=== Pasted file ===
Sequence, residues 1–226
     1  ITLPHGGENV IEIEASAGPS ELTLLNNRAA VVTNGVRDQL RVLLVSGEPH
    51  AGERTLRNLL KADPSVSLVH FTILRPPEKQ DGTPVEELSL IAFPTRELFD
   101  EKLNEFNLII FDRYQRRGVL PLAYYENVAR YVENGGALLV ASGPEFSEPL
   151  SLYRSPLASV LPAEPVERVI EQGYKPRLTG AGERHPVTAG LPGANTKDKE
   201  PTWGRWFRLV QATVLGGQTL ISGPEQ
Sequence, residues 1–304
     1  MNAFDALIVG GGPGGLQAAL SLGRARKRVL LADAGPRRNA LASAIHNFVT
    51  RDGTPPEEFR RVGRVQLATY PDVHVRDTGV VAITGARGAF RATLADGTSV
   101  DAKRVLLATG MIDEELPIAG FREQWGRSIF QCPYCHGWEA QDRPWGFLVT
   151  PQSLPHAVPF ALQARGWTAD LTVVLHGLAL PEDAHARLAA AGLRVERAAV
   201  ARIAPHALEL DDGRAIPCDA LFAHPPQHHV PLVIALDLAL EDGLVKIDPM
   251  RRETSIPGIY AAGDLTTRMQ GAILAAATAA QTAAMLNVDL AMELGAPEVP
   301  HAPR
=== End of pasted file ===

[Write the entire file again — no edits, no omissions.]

Sequence, residues 1–226
     1  ITLPHGGENV IEIEASAGPS ELTLLNNRAA VVTNGVRDQL RVLLVSGEPH
    51  AGERTLRNLL KADPSVSLVH FTILRPPEKQ DGTPVEELSL IAFPTRELFD
   101  EKLNEFNLII FDRYQRRGVL PLAYYENVAR YVENGGALLV ASGPEFSEPL
   151  SLYRSPLASV LPAEPVERVI EQGYKPRLTG AGERHPVTAG LPGANTKDKE
   201  PTWGRWFRLV QATVLGGQTL ISGPEQ
Sequence, residues 1–304
     1  MNAFDALIVG GGPGGLQAAL SLGRARKRVL LADAGPRRNA LASAIHNFVT
    51  RDGTPPEEFR RVGRVQLATY PDVHVRDTGV VAITGARGAF RATLADGTSV
   101  DAKRVLLATG MIDEELPIAG FREQWGRSIF QCPYCHGWEA QDRPWGFLVT
   151  PQSLPHAVPF ALQARGWTAD LTVVLHGLAL PEDAHARLAA AGLRVERAAV
   201  ARIAPHALEL DDGRAIPCDA LFAHPPQHHV PLVIALDLAL EDGLVKIDPM
   251  RRETSIPGIY AAGDLTTRMQ GAILAAATAA QTAAMLNVDL AMELGAPEVP
   301  HAPR